September 19th, 2014

Top 5 NFL stories of 2012

by 1025The Game

The year featured its usual array of the exciting (the Giants beat the Patriots in another classic Super Bowl), the fantastic (the play of rookie QBs Robert Griffin III, Andrew Luck and Russell Wilson), the disagreeable (Buccaneers coach Greg Schiano and Giants counterpart Tom Coughlin arguing about strategy) and the tragic (Eagles coach Andy Reid's son overdosing on heroin and Cowboys linebacker Jerry Brown being killed in a car accident). While some of these moments were stunning, they all failed to make this year's top five NFL stories of 2012. – By Jason Cole (Yahoo! Sports)


No. 5: Jovan Belcher murder/suicide – One of the ugliest off-field incidents in the history of the game hit the Chiefs on Dec. 1. Belcher, an undrafted free agent linebacker from Maine in his fourth year in the league, first killed his girlfriend and mother of his three-month-old daughter, shooting her nine times. He then took his own life by putting a gun to his head in front of coaches Romeo Crennel and Gary Gibbs and GM Scott Pioli in front of the Chiefs complex. Belcher's tragic loss of his senses led to all sorts of discussions about gun control, relationship issues and mental health. Afterward, several players turned in guns.



No. 4: Junior Seau and suicide in the NFL – The rash of suicides among former NFL players and the perceived link between them and head trauma associated with football came into its sharpest focus on May 2 when Junior Seau took his own life. He was roundly considered one of the happiest, most proud and seemingly care-free men to play in the NFL, having logged 20 seasons in the league. Almost everyone in the NFL had a favorite story to tell about Seau, and New England's Bill Belichick, the last man to coach Seau, was among those who attended his funeral. Sadly, Seau died before he could be enshrined into the Pro Football Hall of Fame, but his death may have an even larger effect on pushing safety in the game.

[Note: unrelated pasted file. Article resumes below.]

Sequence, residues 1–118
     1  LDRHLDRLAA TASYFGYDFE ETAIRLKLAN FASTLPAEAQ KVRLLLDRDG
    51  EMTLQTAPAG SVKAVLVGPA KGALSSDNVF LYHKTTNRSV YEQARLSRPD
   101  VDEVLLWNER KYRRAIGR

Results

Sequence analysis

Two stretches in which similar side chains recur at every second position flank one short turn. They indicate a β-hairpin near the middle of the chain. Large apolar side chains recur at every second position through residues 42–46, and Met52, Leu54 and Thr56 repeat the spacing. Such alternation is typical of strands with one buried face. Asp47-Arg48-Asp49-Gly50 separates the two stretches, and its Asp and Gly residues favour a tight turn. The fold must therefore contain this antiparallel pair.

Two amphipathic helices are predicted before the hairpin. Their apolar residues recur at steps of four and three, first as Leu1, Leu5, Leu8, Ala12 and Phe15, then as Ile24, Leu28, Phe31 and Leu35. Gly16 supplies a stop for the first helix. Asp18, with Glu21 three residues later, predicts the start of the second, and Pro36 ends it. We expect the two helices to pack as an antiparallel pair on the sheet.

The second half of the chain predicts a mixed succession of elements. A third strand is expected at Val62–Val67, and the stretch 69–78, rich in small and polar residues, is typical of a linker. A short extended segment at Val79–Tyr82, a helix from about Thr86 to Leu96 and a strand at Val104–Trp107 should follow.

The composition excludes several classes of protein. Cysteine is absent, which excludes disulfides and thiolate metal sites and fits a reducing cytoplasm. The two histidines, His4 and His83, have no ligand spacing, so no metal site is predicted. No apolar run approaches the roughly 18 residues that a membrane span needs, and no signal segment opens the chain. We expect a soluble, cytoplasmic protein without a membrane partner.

No. 3: New Orleans Saints bounty scandal – Oh, those wacky Saints and their three years of shenanigans under coach Sean Payton and former defensive coordinator Gregg Williams. From the time that the NFL announced its finding in March, this story never went away, which is an obscenely dumb outcome, all things considered. While it's impossible to get into all of the particulars of the story, the point is: The Saints were wrong by not ending the program after the 2009 season when the NFL investigated them originally. At the same time, NFL Commissioner Roger Goodell went way too far in penalizing the players, most of which had little or nothing to do with actually administering the bounty program. 


No. 2: Replacement refs fiasco – The NFL spent the entire offseason, all of training camp and the first three weeks of the regular season haggling with its locked out officials over what seemed like very little money. The real reason was a complicated pension issue the league is trying to get around. Finally, after the replacement refs were blamed for everything from Green Bay losing to Seattle (and leading to Yahoo's Michael Silver famous exchange with fellow Cal grad Aaron Rodgers) to unrest in the Middle East and global warming (it was a busy three weeks), the NFL capitulated to the veteran officials. Good thing, otherwise we might have lost even more time from the first St. Louis-San Francisco game.  


No. 1: Peyton Manning changes places … and pushes Tim Tebow out – Manning's wild saga has dominated the entire year in the NFL. The issues/questions were deep and far-reaching, starting with whether he would ever play again. Next was what would the Colts do, where would Manning sign once Indy let him go, what would the Broncos do with Tebow after they signed Manning, how would Tebow work with incumbent starter Mark Sanchez after being traded to the Jets and how would Manning play. Now we're asking: Will Manning win his fifth NFL MVP award, lead the Broncos to the Super Bowl and where will Tebow play next year?  


What is YOUR top NFL story of 2012?  Tell us below.

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